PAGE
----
1.29.2007

Don’t Like Car Dealers? Blame Manufacturers

In the view of many consumers, auto dealerships are the dark side of the American auto industry. People don’t like shopping for cars and don’t trust auto salesmen. There is a long list of complaints about the process of buying a car or getting it serviced.


            And who is to blame? The auto manufacturers, according to one top executive.


            When it comes to dealers, the carmakers have been guilty of “terrible management and a complete lack of leadership,” Steve Wilhite said at the Automotive News World Congress recently. Wilhite is chief operating officer of Hyundai Motor America and a long-time industry veteran.


            He noted that, on average, dealers earn a paltry 1.6 percent return on sales, and that in a recent survey, fewer than 16 percent of dealers expect profits to increase. There are also 3,200 fewer dealerships than existed in 1985.


            “It never should have come to this,” Wilhite said. “We know better in this industry. This isn’t rocket science. We need to work with our dealers and engage them in the management of our business.”


            Coincidentally, an Automotive News article the same week as Wilhite’s speech (you can only access it online with a paid subscription) noted that Nissan is going to be sending lean experts from the company out on trips to its dealers, teaching them standard work and other techniques for reducing the time it takes to serve customers. (Interestingly, Wilhite was senior vice president, global marketing, for Nissan before he joined Hyundai last August.)


            According to the article, the Nissan plan (which dealers will hear about in coming weeks) falls under a new companywide quality initiative headed by Doug Betts, senior vice president for total customer satisfaction and a former Toyota factory manager. (Now how many companies have someone whose job is total customer satisfaction?)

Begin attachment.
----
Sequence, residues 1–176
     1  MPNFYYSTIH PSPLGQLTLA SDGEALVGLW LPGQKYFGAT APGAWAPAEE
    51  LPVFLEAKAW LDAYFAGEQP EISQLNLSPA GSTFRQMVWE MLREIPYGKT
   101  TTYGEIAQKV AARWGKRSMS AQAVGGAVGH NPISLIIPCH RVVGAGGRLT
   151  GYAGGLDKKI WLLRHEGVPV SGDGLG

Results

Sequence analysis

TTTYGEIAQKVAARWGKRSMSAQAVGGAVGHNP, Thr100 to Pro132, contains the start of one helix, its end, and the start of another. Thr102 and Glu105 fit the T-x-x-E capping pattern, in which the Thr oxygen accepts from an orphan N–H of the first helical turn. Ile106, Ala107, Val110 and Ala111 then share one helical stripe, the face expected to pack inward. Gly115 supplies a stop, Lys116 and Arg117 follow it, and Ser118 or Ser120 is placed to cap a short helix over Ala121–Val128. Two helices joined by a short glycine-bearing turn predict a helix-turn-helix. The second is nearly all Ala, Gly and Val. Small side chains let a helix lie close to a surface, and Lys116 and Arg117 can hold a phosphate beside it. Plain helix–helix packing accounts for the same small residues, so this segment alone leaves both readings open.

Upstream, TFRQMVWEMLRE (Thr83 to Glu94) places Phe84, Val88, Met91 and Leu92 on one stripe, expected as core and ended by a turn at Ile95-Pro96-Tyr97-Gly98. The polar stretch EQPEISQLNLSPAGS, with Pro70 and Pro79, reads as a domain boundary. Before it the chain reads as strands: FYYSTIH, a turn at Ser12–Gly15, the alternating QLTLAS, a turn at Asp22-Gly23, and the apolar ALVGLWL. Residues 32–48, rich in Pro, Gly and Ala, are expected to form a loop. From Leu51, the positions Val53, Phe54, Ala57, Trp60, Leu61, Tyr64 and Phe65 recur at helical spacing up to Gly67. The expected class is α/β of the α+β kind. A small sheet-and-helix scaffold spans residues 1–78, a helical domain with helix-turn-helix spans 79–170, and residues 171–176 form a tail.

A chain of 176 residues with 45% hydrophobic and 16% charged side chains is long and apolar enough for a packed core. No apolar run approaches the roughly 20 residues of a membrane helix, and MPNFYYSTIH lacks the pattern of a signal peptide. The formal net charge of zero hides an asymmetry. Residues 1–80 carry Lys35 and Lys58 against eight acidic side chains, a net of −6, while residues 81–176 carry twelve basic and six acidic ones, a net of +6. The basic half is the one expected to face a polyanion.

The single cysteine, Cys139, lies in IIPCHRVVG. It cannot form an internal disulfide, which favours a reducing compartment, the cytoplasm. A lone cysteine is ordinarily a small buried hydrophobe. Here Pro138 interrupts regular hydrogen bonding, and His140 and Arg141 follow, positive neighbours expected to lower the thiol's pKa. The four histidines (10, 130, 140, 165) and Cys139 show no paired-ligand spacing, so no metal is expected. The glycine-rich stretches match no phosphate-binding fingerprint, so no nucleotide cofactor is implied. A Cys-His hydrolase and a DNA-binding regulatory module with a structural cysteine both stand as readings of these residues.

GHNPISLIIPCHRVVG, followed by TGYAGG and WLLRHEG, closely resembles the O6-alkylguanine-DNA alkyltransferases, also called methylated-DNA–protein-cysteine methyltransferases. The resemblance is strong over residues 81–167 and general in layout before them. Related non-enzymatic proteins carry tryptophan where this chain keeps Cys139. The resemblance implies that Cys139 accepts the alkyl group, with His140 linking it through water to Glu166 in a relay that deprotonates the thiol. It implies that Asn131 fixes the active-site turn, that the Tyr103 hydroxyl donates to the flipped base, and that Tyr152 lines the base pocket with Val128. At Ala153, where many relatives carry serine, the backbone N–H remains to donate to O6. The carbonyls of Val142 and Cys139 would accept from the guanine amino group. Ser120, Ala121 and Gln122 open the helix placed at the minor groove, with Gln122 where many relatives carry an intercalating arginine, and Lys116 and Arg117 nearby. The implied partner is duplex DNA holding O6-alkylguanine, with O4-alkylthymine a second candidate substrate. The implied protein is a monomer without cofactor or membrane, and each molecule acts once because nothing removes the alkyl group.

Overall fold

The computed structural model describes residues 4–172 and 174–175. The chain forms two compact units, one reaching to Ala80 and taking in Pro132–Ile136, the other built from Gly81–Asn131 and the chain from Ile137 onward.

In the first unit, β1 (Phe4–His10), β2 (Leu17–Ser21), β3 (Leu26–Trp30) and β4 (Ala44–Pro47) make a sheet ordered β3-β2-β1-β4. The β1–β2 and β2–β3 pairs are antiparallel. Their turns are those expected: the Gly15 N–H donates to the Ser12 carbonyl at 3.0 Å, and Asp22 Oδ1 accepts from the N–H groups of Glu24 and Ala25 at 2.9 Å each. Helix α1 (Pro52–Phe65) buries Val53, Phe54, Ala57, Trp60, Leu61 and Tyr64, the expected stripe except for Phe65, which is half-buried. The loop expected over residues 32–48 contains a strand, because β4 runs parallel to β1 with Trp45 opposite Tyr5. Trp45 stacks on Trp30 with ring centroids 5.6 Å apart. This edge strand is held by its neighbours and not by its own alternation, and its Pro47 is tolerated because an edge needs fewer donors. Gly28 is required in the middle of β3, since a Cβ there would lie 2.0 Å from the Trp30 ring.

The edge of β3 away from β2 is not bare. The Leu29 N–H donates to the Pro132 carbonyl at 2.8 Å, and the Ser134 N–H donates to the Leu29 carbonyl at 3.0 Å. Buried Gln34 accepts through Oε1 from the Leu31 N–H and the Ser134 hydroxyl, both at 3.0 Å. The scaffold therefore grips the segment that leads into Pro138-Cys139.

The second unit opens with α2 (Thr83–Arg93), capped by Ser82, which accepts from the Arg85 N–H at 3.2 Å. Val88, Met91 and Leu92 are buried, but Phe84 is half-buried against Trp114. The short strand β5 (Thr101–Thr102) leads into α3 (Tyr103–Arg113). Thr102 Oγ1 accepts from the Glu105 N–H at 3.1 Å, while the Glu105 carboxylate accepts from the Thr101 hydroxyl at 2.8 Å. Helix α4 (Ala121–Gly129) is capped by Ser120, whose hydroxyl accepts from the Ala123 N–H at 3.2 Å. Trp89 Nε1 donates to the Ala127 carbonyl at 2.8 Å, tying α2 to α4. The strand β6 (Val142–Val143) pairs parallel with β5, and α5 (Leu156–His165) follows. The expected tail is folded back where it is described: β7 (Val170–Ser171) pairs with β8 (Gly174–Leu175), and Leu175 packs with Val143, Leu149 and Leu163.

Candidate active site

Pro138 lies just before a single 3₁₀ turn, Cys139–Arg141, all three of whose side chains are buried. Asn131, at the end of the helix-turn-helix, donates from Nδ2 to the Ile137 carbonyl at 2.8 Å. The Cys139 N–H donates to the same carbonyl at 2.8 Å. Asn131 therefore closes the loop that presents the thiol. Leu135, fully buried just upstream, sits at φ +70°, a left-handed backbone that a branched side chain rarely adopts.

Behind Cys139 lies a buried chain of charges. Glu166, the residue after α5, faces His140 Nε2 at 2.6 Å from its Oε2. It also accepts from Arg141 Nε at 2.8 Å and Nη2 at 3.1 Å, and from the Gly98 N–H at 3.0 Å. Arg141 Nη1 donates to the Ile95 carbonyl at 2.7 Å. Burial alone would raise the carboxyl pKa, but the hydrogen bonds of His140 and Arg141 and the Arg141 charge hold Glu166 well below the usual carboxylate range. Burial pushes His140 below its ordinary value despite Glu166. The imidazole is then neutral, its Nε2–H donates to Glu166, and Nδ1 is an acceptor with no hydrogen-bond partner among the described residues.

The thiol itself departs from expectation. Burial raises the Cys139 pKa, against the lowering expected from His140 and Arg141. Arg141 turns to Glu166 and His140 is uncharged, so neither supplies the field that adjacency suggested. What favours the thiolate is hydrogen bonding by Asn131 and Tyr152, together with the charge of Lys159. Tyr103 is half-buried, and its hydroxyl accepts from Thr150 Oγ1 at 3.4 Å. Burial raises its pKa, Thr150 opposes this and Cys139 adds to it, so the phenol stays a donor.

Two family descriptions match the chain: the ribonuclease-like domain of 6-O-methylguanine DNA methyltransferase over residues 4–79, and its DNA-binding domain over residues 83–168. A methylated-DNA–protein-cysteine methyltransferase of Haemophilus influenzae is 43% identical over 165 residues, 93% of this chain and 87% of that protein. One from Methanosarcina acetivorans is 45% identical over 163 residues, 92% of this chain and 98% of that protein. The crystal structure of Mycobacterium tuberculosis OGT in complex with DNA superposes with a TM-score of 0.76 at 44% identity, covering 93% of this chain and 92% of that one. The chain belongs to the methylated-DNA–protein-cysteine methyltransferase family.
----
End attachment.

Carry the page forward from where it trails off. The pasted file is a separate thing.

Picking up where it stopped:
“Some of our dealers are restricted by capacity issues,” Betts said. “In some cases, they’re making customers unhappy by making them wait for the service they need.


            “If we can show them that, just through better practices, they can run 20 percent more cars through their service bays without spending any more money on their building and without hiring any more people, that will be attractive to them.”


            The article, written by Lindsay Chappell, said the plan “is sure to encounter resistance at some dealerships. Many retailers are entrepreneurs who ignore routines and permit idiosyncratic methods to flourish at their operations.”


            Yes, culture change is hard. So what else is new?


            American automakers have a well-deserved negative reputation when it comes to dealing with suppliers, whom they typically view as companies to be squeezed for price reductions rather than worked with as partners. I suspect a similar attitude prevails when it comes to dealers.


            It’s sad, but not surprising, that Wilhite, the only executive I’ve heard offer a mea culpa about this situation, is a voice from the Asian world of auto manufacturing and not North America. I just hope the American car companies are listening.


 

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